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Anterior cruciate ligament reconstruction is performed in two ways either using the hamstring tendons taken from behind the knee and thigh or using part of the patellar tendon which is the tendon below the kneecap. Most anterior cruciate ligament reconstructions performed in this hospital are performed using the hamstring tendons. The long term results of both methods are similar.
During surgery, the tendons are fastened into the knee using a system of screws and pins via a keyhole technique (arthroscopy). The new ligament is placed in the centre of the knee exactly where the original ligament was. Any repair or removal of torn cartilage is performed at the same time.
Will I be asleep?
Yes. The operation is done under a General Anaesthetic for most people, but it is possible under a Spinal Anaesthetic.
How long does it take?
The operation takes about 1 to 1½ hours.
What will it feel like afterwards?
As the operation is done by a keyhole technique the amount of pain people feel is very variable. We try to minimise pain felt. Any pain you may feel should be controlled with painkillers, and using ice to help swelling.
What can go wrong?
This type of surgery is generally very safe, but there are a few possible complications you should know about.
Anaesthetic: Rarely problems can occur related to your general health and the anaesthetic. The majority of potential problems should be picked up at the pre-assessment clinic. Your Anaesthetist will be able to discuss this further with you.
Swelling: Some swelling is common afterwards but usually improves slowly and should resolve by 8-10 weeks.
Anterior Cruciate Ligament Reconstruction
Bleeding: This can make the knee stiff and swollen. The blood can be removed through a needle in hospital if required.
Infection: Very rarely, infection develops inside the knee. This needs further surgery to drain and wash it out as well as antibiotics.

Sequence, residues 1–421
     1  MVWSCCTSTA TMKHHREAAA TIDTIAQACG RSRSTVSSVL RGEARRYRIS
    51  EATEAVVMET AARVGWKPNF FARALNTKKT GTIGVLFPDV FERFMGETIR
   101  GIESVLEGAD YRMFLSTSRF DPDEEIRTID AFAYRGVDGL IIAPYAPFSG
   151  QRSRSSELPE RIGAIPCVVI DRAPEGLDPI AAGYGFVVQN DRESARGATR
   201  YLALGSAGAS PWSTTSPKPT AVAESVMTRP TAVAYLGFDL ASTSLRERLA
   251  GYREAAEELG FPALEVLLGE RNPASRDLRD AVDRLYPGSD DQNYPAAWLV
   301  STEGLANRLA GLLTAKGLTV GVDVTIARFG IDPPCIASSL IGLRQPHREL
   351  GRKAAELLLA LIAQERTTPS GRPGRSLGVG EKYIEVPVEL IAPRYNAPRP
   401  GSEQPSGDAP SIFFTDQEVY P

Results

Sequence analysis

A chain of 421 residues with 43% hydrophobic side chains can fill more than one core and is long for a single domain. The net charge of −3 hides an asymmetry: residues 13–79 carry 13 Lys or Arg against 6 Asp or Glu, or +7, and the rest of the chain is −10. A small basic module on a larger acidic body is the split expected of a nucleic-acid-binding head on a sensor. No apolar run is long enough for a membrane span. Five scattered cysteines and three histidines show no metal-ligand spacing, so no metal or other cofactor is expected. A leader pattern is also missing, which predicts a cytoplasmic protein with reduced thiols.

Giving-way/ RE-RUPTURE: After the operation the knee feels weak.
As the muscles regain strength this slowly improves. Very rarely the graft fails and re-ruptures, this is either due to another injury or because it stretches and becomes non-functional. Further operations may be needed if this happens.
Deep vein thrombosis: This can occur to any one under going lower limb surgery. The risk is greater if you have had one before or are on the oral contraception pill/hormone replacement therapy (which should be stopped 6 weeks before operation). They rarely cause direct problems, but can potentially be serious because of the risk of spread to the lungs (pulmonary embolism). Treatment usually involves taking Warfarin (to make the blood clot less easily) for a 3 month period.
Numbness: Some numbness may develop because small sensory nerves may be divided during the operation. The area involved is small over the outside of the calf and usually resolves.
How long will I be in hospital?
Most people are in hospital for one night after the operation and go home the next day. During this time you will have intensive physiotherapy and be taught correct methods to walk.
What will I be able to do when I go home?
When you go home you can walk on the leg, you should use crutches for at least 2 weeks to allow the thigh muscles to regain strength. The Physiotherapist will give you a thorough briefing on what to do.
What Outpatients Physiotherapy will I need?
After this type of surgery, rehabilitation is very important. You will start your physiotherapy immediately after the operation. Rehabilitation is done following a set routine and this will be explained to you by the physiotherapist before you go home.